Hunting for the perfect job for an individual requires time, effort and knowledge. Sometimes we get stressed with the amount of time and effort involved with the process of job hunting. Has this ever happened to you?
Steps to Remove the Stress
For stress-free job-hunting, every individual must first consider the following pointers before starting your job hunting process:
- Know what type of job you would like to apply for. Attending job fairs that offer work which is not related to one’s degree or work preference would be a waste of time.
Consider your interests, preference of work location and job shifts. If all these fit the category of the job opening available, then consider applying.
- Prepare possible needed documents or career portfolio. Have several copies of your resume, transcript of records and any certifications or reference letters ready for immediate submission if needed.
Waiting until you get the call to get these items updated and together just adds to the stress. Be prepared in advance.
- Know where to look for job postings. Below are some ideas:
One of most widely used searching options is the Internet. Aside from the fact that browsing the Internet for available jobs is less time consuming than personal appearances to inquire at the offices, this can also be the least productive form of job hunting.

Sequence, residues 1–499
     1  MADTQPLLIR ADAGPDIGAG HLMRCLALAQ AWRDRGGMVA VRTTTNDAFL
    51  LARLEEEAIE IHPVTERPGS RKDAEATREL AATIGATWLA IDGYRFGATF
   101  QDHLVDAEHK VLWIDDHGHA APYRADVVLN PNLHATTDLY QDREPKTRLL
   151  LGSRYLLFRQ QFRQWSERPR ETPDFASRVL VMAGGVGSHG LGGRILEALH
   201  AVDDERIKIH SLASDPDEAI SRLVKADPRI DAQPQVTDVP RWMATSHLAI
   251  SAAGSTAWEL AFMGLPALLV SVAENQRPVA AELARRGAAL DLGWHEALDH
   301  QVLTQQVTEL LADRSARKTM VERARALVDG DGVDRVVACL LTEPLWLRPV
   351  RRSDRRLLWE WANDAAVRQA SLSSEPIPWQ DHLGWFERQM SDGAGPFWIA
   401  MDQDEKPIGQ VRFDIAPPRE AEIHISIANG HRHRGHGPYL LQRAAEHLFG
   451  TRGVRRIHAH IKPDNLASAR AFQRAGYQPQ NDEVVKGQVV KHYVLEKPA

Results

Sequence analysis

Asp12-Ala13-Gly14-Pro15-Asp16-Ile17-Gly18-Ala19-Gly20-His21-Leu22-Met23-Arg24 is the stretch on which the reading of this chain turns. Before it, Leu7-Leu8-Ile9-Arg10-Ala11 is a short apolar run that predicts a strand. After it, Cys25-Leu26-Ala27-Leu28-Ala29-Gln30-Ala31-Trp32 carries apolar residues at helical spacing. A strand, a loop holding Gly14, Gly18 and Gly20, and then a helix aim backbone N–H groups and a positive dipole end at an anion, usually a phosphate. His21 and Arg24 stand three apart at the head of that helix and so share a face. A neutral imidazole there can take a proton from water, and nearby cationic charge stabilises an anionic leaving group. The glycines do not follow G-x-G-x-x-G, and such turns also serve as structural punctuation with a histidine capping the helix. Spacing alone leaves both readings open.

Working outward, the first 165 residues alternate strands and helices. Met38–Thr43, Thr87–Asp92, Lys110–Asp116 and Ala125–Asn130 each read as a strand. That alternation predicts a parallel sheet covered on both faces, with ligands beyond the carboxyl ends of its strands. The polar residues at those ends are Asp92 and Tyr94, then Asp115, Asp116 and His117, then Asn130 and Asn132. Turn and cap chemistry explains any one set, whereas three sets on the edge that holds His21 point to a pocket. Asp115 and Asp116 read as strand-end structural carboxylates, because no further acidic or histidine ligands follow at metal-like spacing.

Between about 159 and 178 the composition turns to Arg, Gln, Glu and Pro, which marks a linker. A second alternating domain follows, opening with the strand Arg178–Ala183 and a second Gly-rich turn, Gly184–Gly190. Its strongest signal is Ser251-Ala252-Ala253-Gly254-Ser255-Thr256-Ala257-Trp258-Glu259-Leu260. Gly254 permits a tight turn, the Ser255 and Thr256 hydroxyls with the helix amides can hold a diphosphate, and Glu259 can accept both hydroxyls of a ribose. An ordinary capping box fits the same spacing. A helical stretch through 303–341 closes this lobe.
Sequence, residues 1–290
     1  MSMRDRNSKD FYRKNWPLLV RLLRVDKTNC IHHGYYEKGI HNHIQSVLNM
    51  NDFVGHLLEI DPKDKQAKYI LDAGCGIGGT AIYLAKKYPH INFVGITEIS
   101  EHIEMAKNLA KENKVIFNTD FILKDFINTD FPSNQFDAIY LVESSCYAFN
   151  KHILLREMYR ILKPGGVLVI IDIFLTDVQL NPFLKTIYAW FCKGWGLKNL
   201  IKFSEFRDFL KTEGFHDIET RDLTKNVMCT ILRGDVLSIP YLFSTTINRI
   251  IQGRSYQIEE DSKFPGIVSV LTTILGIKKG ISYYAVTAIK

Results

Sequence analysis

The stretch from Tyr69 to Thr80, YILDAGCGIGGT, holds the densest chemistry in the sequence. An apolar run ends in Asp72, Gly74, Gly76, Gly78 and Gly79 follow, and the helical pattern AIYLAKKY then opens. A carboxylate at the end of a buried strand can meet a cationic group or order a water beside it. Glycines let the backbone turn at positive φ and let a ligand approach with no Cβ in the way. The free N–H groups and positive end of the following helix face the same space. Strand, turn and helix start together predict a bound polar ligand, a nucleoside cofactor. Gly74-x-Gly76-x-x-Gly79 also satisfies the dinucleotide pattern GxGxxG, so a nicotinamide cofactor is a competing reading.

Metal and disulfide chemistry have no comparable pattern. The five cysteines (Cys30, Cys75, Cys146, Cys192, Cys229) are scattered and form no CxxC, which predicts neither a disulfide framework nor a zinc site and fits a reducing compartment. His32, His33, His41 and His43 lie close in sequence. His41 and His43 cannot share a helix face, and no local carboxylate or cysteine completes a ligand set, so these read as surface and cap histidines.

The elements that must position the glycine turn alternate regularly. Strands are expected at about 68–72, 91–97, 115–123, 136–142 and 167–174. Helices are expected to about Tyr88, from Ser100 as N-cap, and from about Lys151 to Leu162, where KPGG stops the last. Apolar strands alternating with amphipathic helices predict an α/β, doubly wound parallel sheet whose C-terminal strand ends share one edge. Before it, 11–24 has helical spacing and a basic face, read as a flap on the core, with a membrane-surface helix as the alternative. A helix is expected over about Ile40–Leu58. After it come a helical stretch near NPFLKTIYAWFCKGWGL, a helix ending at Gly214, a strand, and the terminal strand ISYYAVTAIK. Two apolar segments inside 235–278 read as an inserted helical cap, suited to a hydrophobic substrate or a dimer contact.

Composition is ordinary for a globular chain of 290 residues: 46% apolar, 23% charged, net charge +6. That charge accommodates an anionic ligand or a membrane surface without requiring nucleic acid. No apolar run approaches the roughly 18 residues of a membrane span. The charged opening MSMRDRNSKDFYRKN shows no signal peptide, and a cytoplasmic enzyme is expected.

Local newspapers advertise jobs that are within an applicant’s commuting distance. Available jobs are usually printed on a regular basis.
*Career or Job Centers
Depending on where you live, you may have a center in your community. They work with employers to keep an updated list of jobs available.
*Trade Periodicals or magazines
Professionals are best advised to look for jobs in magazines/journals since employers that would want to hire the same would advertise in such journals.
Most companies have postings of job openings on their website with instructions on how to apply.
Friends are a great source of available jobs especially if they already work there and can put in a good word for you to get an interview. Just a word of caution, don’t expect to get the job just because you have a friend working there. Do your due diligence and research to make sure this is a good fit for you and you are prepared to go through the interview process just like everyone else.
Searching for a job will always include some level of stress but you can do your best to minimize it and help yourself be a confident job-seeker.
If you need help preparing for the job-hunt, contact your Career Coach, Rachel Schneider, at Career Find and schedule a meeting to create a resume that will differentiate you from other job seekers and develop job search strategy to help you feel confident as you begin your job search.